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Re: CULT: when to move bearded iris?

  • To: Multiple recipients of list <iris-l@rt66.com>
  • Subject: Re: CULT: when to move bearded iris?
  • From: "John I. Jones" <jijones@ix.netcom.com>
  • Date: Mon, 18 May 1998 10:10:05 -0600 (MDT)

Cynthia Kermode wrote:
> 
--  snip  --

> Can I safely move each class as it finishes bloom , rather than waiting for the
> textbook July-Aug recommendation for our area? It would help my cause!
> Can I divide clumps as usual down to  single rhizomes, or should I leave pairs
> since I'd be moving slightly out of season?
> Help! I need your hand-holding:-)

Hi Cynthia

I am sure others will chime in too (Please), but my advice would be to move
them with as big a root ball as you can. You can really move irises *anytime*
and they will mostly survive. The biggest impact of digging and dividing now
would be to the bloom for next year. If you dig and divide now, you will
interrupt the prime time for growing increases and storing up energy for next
year. They will have to grow new root systems. That doesn't mean you won't get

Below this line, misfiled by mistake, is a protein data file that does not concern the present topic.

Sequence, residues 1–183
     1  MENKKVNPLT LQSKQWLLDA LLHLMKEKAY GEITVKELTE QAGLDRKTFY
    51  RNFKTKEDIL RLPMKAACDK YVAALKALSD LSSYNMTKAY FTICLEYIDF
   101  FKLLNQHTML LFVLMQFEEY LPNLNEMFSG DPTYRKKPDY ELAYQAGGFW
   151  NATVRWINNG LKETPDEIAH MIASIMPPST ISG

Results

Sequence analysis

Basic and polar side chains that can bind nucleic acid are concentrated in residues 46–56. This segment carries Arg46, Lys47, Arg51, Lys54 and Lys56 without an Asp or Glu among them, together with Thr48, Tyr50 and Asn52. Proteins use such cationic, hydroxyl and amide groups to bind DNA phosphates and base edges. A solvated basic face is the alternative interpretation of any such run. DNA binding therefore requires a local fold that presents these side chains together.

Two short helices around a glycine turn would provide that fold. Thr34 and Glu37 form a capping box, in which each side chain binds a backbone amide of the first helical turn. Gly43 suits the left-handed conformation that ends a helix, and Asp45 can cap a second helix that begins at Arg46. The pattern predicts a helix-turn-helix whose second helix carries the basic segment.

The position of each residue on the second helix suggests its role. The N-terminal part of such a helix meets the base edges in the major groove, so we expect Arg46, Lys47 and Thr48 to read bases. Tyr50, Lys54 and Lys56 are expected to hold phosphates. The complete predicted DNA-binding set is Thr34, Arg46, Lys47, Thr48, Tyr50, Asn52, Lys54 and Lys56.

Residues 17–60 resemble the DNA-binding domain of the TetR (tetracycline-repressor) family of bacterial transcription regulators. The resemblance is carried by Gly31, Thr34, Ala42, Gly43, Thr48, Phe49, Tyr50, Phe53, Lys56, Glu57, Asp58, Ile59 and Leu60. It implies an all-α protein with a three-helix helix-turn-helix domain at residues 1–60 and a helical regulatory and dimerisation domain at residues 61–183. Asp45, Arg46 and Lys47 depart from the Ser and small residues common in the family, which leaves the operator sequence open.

any bloom next year, just that some may be affected. There is (was) someone on
the list from New Jersey who routinely digs and divides just after bloom, but
I have never thought that was best for the irises. With a root ball somewhat
intact the impact is significantly less. 


Last summer I had to move some one year clumps that hadn't bloomed during the
spring. I dug a root ball 12-15 inches in diameter and plopped them into a
similar sized hole in their new location. This year you couldn't distinguish
them from 2 year clumps. 7 and 8 bloomstalks each. They were wowser!

If you really have to divide, I'd try the root ball process then in the
summer, cut out the old pieces that you don't want without digging the entire
clump, thus preserving as much of the root structure as possible. 

John                     | "There be dragons here"
                         |  Annotation used by ancient cartographers
                         |  to indicate the edge of the known world.

John Jones, jijones@ix.netcom.com
Fremont, California, USA, Earth, USDA zone 8/9 (coastal, bay) 
Max high 95F/35C, Min Low 28F/-2C average 10 days each
Heavy clay base for my raised beds.
There are currently 83 Iris pictures on my Website. Visit me at:
http://members.home.net/jijones





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